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Making The Case: Marshon Lattimore, CB, Ohio State

| April 20th, 2017

The Bears could be looking the ever-elusive shutdown corner in the face if Marshon Lattimore is still available when they pick.

If you believe Adam Schefter (and you should) the Bears tried to trade up to get Jalen Ramsey last year. Then they went after Josh Norman prior to last season and Stephon Gilmore this offseason. They went 0/3.

Lattimore could be the best of the bunch.

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Making The Case: Solomon Thomas, Edge, Stanford

| April 19th, 2017

Editor’s Note: Solomon Thomas is my favorite player in this year’s draft. And it’s not close.


Solomon Thomas has the potential to be one of the best pass rushers in the entire league.

Physically, he has everything you could want: size, speed, length, strength, quickness, agility and explosiveness. His SPARQ score was in the 93rd percentile, tied with T.J. Watt for fourth-best in this class and two percentage points better than Leonard Floyd tested last year.

Thomas really burst onto the scene with a dominant performance against North Carolina. When everyone was trying to watch Mitch Trubisky, Thomas kept exploding onto the screen. It was impossible to not notice him. In all, he had 61 tackles — 14 for a loss — 8.5 sacks and one forced fumble.

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Making the Case: Malik Hooker, S, Ohio State

| April 14th, 2017

Any pass thrown in Malik Hooker’s general direction has a good chance to be intercepted. Do I really need to say more than that?

He has better range than any safety I’ve seen coming out of the draft and showed incredible hands in his one season at Ohio State. According to Pro Football Focus, 41 passes were thrown to guys he was covering. He either intercepted or defended 11 of them. He returned three interceptions for touchdowns while only giving up one score himself. His interception against Clemson was one of the best plays you will ever see a safety make.

For the Bears, that could be huge. They play in a division where two of the quarterbacks — Sam Bradford and Aaron Rodgers — avoid putting the ball in harm’s way at all costs. With Hooker on the field, the ball would almost always be in harm’s way if they threw near him.

Injuries & Inexperience

Hooker played only one season at OSU and had two surgeries, including one for a torn labrum in his hip. Perhaps he’ll recover 100 percent, but he’s on the small side so I don’t think it’s irrational to be concerned about his ability to hold up.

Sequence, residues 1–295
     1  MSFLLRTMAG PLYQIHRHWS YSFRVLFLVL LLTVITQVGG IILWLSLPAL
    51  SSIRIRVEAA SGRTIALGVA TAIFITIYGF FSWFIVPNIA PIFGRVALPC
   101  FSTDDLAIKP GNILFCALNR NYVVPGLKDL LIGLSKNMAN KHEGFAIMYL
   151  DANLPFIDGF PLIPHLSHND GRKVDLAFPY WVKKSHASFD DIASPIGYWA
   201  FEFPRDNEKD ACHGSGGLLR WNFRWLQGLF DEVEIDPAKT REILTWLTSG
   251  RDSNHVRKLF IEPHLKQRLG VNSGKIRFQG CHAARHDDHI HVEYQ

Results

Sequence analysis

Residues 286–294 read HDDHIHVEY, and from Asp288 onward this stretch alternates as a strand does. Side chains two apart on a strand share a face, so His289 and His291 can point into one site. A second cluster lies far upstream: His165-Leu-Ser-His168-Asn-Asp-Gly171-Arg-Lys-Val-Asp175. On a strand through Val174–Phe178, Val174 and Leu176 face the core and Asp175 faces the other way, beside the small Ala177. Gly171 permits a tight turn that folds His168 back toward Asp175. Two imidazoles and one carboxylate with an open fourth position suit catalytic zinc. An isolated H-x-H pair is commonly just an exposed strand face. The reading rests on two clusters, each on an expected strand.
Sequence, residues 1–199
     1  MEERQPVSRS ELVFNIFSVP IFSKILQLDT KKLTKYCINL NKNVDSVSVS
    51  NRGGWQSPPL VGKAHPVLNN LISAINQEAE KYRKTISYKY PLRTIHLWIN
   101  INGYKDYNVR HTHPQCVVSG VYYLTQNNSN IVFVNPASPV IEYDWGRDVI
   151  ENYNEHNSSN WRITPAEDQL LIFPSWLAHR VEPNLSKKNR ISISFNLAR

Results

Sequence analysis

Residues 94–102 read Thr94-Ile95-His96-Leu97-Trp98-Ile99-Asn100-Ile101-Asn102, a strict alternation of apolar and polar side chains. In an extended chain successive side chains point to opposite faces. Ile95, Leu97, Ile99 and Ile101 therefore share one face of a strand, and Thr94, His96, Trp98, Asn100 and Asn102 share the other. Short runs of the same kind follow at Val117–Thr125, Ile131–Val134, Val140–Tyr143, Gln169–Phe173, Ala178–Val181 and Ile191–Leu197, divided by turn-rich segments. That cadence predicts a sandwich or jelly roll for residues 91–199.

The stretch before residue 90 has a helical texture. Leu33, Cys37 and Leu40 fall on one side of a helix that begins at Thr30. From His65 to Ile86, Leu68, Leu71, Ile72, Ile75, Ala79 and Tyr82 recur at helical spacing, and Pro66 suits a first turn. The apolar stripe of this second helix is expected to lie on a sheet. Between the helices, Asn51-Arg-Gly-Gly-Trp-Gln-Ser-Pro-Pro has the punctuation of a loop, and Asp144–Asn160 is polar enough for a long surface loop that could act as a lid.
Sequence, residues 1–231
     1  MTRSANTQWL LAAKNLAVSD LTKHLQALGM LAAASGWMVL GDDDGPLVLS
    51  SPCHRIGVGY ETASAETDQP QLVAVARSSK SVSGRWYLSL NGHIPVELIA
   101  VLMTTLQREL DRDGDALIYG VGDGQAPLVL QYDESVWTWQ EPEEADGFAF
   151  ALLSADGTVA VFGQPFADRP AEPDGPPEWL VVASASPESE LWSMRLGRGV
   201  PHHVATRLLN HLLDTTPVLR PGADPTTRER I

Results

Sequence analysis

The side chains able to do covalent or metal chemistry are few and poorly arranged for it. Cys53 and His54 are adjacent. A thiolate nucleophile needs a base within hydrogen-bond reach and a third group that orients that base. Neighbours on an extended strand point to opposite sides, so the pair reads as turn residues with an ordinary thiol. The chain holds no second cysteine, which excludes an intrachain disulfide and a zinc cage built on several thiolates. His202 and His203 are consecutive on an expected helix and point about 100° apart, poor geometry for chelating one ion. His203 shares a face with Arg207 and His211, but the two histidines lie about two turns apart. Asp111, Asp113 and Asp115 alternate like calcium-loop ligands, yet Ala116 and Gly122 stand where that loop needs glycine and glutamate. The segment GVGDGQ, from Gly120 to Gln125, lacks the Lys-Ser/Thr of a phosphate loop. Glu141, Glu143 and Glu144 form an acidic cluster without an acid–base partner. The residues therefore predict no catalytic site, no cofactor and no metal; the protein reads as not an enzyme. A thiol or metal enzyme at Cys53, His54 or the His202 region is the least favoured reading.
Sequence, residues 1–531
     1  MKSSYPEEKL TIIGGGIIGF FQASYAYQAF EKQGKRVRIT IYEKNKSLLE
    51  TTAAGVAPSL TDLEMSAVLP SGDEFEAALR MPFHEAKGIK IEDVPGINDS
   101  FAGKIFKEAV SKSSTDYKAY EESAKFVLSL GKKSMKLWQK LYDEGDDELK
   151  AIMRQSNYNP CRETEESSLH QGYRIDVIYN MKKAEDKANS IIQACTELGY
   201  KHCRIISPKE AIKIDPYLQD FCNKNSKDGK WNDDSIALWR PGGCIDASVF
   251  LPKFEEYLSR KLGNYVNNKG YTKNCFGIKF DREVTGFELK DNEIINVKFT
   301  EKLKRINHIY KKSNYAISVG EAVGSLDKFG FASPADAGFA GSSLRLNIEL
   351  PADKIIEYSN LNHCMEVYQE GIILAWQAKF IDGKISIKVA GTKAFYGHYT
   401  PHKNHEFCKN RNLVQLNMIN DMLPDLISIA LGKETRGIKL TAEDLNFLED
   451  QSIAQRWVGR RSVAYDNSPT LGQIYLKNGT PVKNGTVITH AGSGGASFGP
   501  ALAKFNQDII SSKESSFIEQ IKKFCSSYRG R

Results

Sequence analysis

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Making The Case: Jamal Adams, S, LSU

| April 13th, 2017

The Bears haven’t had a good safety in so long. So so long. Jamal Adams is a pretty sure thing.

Adams fits what the Vic Fangio and John Fox have looked for out of the position because he can play in coverage and drop down in the box. Pro Football Focus rated him as among the five best safeties in the country at both disciplines.

The Bears three primary decision makers – Pace, Fox and Fangio – have all put a lot of value in the safety position with past teams and have a very good opportunity to do so with the Bears, early in the 2017 draft.

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Making The Case: Jonathan Allen, DL, Alabama

| April 12th, 2017

Editor’s Note: I hate writing about the draft. Andrew does not. Hence, Andrew will writing a shitload about the draft for the next few weeks.


You’d be hard-pressed to find a player in this draft who was more dominant in college than Jonathan Allen. And the ways he dominated translate to the next level.

Allen beat blocks over and over and over.

He had nearly perfect technique.

His ability to use his hands is already as good as anyone who is in the NFL.

Over the last two years he’s had 30.5 tackles for loss and 22.5 sacks, despite spending the 2015 season in Alabama’s deep defensive line rotation. In 2016, he showed he could handle a full-time load, finishing with 69 tackles, 16 for loss and 10.5 sacks. He’s considered by most to be a better prospect than either of the top defensive linemen the last two years, Leonard Williams and DeForest Buckner.

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Finding A Quarterback: There’s Something Special About DeShaun Watson

| April 5th, 2017

When you really think about the things that make quarterbacks great, you end up pinpointing traits Clemson’s DeShaun Watson has already displayed.

Being great in college doesn’t mean a player will be great in the NFL, but it’s the closest league we have to an apples-to-apples comparison and Watson was the single best player in that league last year.